Jobseeker’s Direction mandating claimants to create a profile and public
CV in Universal Jobmatch must be reasonable in terms of:
improving the claimant’s employment prospects; and
the claimant being able to use the service.
The Jobcentre Advisors’ own union, the PCS Union, has also published the following on UJ and mandatory sign up:
‘ …with effect from 4th March 2013, FLAs can mandate claimants to register for UJ. This will be done via a Jobseeker Direction. Importantly, however, management have acknowledged that mandatory sign up to UJ will not be a blanket approach; instead, FLAs should encourage claimants to use UJ Mandatory sign up will be on an individual basis, if the FLA feels that UJ would be beneficial to the claimant, and they have ‘unreasonably refused’.
The Information Commisioners Office is currently investigating the DWP and its legal information on UJ non-compliance with data protection and EU law. As another complainant to the ICO has stated : ‘My understanding of a person’s individual rights is that they may freely choose which information they share, where they share it, and via which medium. Please specify how the authority in 2(a) is able to supersede the individual’s right to protect their data under EU law, and their right to refrain from consenting to submit their data to a non-necessary 3rd party. I was asked to create a UJ account a few weeks ago…it would mean I had to give up my right under the DPA. I stated that I … wanted documentary evidence proving that I was no longer entitled to protection under DPA as I believe that as the DPA is primary legislation it could only be superseded by additional primary legislation it being a fundamental principle of English law that all citizens have an equal right to protection under the law. I also asked for confirmation that my data would not be stored on any servers outside the UK as I felt this would effectively negate my rights under DPA. (as far as I can work out monster.com a USA company hosts UJ for the DWP)’.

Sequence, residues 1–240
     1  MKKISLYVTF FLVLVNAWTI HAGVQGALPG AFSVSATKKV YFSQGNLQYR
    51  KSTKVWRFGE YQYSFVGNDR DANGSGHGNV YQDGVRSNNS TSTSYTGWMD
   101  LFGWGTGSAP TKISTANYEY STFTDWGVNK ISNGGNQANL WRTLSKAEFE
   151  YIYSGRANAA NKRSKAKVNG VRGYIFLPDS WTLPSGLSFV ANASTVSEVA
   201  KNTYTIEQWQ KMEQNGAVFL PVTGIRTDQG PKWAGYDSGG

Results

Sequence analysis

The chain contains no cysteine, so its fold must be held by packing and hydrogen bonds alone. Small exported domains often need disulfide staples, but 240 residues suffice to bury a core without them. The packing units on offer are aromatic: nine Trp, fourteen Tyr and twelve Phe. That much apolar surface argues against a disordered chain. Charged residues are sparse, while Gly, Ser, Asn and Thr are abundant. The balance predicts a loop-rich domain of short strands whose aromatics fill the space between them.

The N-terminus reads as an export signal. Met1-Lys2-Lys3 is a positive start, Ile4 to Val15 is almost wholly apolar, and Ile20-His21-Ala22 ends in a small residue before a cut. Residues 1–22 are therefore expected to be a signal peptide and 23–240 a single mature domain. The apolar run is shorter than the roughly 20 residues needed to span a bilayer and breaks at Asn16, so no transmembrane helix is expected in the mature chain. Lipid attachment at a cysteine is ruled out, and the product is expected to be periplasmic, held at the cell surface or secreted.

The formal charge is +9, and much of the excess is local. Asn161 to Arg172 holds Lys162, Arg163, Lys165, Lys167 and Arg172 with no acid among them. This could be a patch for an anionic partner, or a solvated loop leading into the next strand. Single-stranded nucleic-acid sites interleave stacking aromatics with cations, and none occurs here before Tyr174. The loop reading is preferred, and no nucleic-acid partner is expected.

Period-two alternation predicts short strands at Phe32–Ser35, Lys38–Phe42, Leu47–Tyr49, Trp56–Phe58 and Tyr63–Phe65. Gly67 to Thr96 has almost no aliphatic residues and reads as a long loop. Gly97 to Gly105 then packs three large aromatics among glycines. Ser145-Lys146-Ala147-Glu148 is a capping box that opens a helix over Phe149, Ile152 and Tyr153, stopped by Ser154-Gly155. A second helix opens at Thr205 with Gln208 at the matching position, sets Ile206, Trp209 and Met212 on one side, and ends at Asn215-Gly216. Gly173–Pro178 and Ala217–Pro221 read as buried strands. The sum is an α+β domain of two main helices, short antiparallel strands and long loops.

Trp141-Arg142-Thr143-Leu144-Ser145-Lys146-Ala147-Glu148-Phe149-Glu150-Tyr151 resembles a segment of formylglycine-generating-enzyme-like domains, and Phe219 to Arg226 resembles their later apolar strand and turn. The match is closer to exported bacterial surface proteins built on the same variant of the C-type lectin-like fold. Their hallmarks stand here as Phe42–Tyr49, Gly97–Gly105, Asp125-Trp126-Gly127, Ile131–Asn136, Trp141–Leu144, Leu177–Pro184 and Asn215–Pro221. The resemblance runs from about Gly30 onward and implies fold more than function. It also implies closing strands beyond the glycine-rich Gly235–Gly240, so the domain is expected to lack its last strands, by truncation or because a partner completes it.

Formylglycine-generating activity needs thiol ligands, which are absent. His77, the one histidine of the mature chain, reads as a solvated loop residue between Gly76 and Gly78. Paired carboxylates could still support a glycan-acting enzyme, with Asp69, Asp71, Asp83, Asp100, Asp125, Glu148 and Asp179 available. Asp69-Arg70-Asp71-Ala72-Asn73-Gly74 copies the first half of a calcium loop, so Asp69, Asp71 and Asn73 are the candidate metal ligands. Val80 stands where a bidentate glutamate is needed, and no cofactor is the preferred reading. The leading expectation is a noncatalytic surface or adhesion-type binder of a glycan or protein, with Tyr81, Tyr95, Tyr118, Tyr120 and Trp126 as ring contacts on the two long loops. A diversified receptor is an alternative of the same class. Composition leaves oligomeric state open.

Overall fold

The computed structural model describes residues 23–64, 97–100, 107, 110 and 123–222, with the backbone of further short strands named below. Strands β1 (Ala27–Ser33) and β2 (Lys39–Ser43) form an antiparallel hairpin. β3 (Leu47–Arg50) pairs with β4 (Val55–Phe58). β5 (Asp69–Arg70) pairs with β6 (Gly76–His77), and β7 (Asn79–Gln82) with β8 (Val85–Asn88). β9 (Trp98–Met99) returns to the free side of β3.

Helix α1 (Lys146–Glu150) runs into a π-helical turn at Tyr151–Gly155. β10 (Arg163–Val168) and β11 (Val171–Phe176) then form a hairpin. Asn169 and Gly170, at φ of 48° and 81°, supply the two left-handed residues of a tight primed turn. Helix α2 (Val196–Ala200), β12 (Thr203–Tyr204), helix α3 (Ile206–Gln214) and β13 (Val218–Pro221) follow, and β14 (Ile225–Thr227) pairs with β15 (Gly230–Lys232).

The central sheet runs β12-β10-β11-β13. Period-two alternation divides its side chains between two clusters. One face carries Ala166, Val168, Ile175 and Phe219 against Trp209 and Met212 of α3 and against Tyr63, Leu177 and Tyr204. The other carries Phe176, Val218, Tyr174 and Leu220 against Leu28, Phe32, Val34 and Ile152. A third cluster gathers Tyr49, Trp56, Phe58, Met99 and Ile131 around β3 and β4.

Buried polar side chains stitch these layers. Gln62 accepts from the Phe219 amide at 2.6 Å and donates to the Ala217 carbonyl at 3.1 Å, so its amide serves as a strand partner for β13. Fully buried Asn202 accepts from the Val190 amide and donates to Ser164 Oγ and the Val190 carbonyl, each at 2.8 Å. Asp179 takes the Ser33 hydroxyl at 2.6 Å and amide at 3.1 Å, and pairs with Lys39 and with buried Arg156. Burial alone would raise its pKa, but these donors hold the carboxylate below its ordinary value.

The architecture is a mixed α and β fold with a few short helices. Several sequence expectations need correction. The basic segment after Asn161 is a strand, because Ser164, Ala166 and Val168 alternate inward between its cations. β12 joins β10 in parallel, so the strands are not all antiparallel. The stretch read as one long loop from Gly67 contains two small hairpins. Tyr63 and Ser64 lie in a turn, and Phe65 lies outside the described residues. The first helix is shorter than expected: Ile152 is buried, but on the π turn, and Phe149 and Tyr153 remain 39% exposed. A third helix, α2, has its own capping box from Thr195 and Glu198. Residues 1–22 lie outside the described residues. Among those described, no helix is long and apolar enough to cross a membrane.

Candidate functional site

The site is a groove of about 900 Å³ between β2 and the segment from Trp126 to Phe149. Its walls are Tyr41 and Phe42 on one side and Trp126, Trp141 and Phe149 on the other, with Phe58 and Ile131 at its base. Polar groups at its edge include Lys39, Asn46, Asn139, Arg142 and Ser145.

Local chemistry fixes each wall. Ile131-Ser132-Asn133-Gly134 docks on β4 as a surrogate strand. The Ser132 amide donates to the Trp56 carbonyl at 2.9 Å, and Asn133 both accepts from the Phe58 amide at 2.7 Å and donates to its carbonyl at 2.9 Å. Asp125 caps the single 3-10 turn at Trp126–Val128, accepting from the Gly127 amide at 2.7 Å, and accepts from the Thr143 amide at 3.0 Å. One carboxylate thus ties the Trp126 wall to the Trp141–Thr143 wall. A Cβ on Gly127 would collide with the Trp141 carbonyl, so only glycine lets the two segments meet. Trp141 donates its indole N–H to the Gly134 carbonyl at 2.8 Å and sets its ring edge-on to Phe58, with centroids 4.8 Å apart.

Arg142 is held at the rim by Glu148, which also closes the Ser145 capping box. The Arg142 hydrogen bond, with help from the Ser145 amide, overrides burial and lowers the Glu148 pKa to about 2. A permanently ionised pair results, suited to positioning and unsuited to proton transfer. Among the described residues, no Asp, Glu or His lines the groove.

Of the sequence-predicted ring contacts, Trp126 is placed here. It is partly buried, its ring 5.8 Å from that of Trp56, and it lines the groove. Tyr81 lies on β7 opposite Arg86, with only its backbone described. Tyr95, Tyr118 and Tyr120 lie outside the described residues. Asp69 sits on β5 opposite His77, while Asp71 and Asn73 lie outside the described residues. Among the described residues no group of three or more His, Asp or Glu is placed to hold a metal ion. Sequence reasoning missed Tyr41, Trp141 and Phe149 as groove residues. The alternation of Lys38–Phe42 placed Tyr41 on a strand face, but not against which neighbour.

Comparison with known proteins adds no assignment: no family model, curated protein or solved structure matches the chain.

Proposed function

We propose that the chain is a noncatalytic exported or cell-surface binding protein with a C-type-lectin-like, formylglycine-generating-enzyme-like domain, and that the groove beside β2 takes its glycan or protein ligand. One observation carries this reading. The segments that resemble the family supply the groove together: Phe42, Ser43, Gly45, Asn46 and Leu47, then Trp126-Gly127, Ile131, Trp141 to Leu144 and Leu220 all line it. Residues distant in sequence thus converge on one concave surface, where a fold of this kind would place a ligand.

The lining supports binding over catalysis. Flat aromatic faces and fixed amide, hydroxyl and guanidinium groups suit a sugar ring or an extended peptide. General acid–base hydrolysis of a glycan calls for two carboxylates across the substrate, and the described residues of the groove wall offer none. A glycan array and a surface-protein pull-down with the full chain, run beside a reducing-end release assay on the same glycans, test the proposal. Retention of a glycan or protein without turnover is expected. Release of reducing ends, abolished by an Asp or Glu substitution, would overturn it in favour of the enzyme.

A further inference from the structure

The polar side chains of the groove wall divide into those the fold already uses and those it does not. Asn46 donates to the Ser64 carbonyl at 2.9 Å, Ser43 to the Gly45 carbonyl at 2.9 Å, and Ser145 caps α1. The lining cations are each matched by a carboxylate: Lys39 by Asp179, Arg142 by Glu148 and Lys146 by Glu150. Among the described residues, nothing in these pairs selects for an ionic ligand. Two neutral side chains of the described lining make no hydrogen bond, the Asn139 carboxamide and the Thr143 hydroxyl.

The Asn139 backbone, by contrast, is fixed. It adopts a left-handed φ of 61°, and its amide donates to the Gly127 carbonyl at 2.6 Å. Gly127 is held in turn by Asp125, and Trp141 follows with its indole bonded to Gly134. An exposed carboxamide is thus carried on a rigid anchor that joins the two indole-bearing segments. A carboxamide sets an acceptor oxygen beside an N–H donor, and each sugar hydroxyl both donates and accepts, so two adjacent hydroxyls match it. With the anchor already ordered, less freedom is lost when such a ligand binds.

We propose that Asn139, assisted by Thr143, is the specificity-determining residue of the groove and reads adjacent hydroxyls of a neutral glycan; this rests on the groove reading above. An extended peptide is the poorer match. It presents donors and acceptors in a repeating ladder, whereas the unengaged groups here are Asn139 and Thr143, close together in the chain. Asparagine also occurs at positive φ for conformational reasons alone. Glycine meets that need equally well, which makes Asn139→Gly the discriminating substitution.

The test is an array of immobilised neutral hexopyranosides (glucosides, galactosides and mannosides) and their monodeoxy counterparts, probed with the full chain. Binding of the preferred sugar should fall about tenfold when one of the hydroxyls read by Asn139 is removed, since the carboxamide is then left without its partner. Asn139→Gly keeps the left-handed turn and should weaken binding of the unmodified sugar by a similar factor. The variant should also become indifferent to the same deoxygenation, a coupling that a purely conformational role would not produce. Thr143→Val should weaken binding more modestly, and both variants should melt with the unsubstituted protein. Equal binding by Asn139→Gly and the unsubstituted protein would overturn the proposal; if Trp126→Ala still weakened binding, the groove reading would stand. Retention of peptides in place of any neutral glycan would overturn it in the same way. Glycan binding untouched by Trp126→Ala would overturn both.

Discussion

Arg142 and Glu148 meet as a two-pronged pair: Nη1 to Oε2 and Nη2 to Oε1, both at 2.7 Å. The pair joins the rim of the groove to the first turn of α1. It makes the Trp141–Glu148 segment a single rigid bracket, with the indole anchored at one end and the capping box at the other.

The ICO’s response, although tactful, makes clear that the DWP has not handed over to them the information asked for regarding what legal advice they hold on data protection but they do arrogantly state that they consider it is ‘exempt’ from the Data Protection Act. Unfortunately for them, this is not good enough for the Information Commissioner:
‘I believe DWP’s response of 3 May 2013 is a little vague – in that it does not confirm exactly what recorded information is held relating to this matter. Its response says that it considers any legal advice that may be held would be exempt. I therefore first need to establish with DWP what recorded information is held, if any, relating to your request. I wrote to DWP yesterday to request further clarification. I have asked DWP to review any recorded information that is identified to see whether this can be disclosed to you or whether some or all of it is exempt under the Act. If it considers information is exempt, I have asked for a copy of it and detailed arguments to support its position. I have allowed the DWP 20 working days to respond. Once I have received its response, reviewed it and decided how your case should proceed, I will write to you again with a further update. This is likely to be towards the end of September’.
So what happened? Well, not much. On 7th October the complainant reported that they had written to the ICO requesting an update. I assume the DWP is dragging its feet in order not to expose its non-compliance with DTA and the ICO will need to give them a good kick up the arse.
Watch this space. But in the meantime, do not sign up to Universal Jobmatch!